Here is the story of ardhanarishvara – The Ardhanarishvara is an androgynous form of the Hindu deities Shiva and Parvati. This form of Lord Shiva is considered the most special, just like its story. According to several Puranas, including the Shiva Purana and the Narada Purana, if Lord Shiva wouldn’t have appeared in this form, the world would still have remained deserted.
What is Ardhanarishvara? What is the story of Ardhanarishvara?
Ardhanarishvara means “the Lord Who is half woman.” It means half male and half female. Now you’re probably wondering what does this have to do with Lord Shiva. Well, it is a fact that not many temples in India dedicate prayers to this form of Lord Shiva which is also known as Ardhanari, Ardhanarisha, or Ardhanarineshwara. Scroll down to read the story of Ardhanarishvara below.
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What is the Importance of the Ardhanarishvara form of Lord Shiva?
It is believed that if unmarried men worship this form of Lord Shiva, they get a wife they desire for and live a happy married life.
The story of Ardhanarishvara – The legend of Mahadev’s Ardhanarishvara Avatar
As per Shiva Purana, the story of Lord Shiva’s Ardhanarishar avatar began after the completion of the creation of the world by Lord Brahma. After creating the world, he witnessed that there was no further development in the world. Everything remained exactly the same as he created. The number of animals, birds, humans, and insects that he created were not increasing as he had created only male beings. Seeing this, Brahma Ji got really upset.
Looking at this, Lord Vishnu asked him to do the penance of Lord Shiva. Lord Shiva was pleased with Brahma’s harsh tenacity and ordered him to create the Maithuni creation. Brahma Ji asked Lord Shiva to explain the meaning of the Maithuni creation. Lord Shiva then took the Ardhanarishvara avatar and revealed half of his body in a feminine form. This was when the male and female parts were separated. Brahma requested the female half of Lord Shiva to give him a female so that his creation ‘the world’ can continue to grow. The Goddess agreed to his request and created a female taking powers from her body.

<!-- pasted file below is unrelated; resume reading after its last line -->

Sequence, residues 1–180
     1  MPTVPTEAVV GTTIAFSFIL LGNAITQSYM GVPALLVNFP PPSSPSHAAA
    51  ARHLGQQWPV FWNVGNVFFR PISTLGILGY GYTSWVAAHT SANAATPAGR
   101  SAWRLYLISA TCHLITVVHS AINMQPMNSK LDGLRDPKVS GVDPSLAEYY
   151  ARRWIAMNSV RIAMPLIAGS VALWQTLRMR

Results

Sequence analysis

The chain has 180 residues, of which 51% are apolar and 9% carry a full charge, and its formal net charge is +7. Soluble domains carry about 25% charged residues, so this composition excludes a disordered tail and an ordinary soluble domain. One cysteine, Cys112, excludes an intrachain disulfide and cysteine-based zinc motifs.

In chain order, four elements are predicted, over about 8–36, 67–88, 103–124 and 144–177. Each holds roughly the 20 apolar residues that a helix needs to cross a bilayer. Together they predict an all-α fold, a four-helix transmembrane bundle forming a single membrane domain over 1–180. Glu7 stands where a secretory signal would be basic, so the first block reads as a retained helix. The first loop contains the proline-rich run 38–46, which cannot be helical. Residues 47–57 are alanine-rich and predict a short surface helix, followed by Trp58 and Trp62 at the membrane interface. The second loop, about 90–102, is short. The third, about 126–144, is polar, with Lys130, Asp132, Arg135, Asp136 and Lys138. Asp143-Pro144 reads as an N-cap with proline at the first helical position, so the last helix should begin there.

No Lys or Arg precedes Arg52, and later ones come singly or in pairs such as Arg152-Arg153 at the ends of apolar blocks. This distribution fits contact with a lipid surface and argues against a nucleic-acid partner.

The story of Ardhanarishvara – Skanda Purana
As per Skanda Purana, Goddess Parvati requested Lord Shiva to allow her to reside with him with their “limb-to-limb” embracing each other, thereby creating the ‘Ardhanarishwar form’ of Shiva. It tells us that when Andhaka (the demon) wanted to seize Goddess Parvati to make her his wife, it was Lord Vishnu who rescued her and brought her to his abode.
This was when the demon followed her and Goddess Parvati revealed her Ardhanarishvara form to him. Seeing the half-male and half-female form, the demon lost interest in her and left. Seeing this form of Goddess Parvati, Lord Vishnu was amazed and could see himself in the female part of the form.
The story of Ardhanarishvara – Tamil temple mythology
The Tamil temple mythology narrates that once the gods and sages (rishi) had gathered at Lord Shiva’s abode. They paid their respects to Lord Shiva and Goddess Parvati. However, Bhringi, the sage, vowed to worship only Lord Shiva and ignored Goddess Parvati. Being agitated about this, Goddess Parvati cursed Bhringi to lose all his flesh and blood, reducing him to a skeleton. In this form, Bhringi could not stand upright. So, the compassionate ones who witnessed the scene blessed the sage with a third leg for support. As her attempt to humiliate the sage failed, Goddess Parvati punished herself with austerities that pleased Lord Shiva and led him to grant her the boon of uniting with him, thereby compelling Bhringi to worship her as well, in the form of Ardhanarishvara. However, the sage faked the form of a beetle and walked around only the male half, drilling a hole in the deity. Amazed by his devotion, Goddess Parvati then reconciled with the sage and blessed him.
The story of Ardhanarishvara
In other Puranas like the Linga Purana, Vayu Purana, Vishnu Purana, Kurma Purana, and Markandeya Purana, Rudra (identified as Lord Shiva) appears as Ardhanarishvara, emerging from Brahma’s head, forehead, mouth or soul as the manifestation of Brahma’s fury and frustration, due to the slow pace of creation.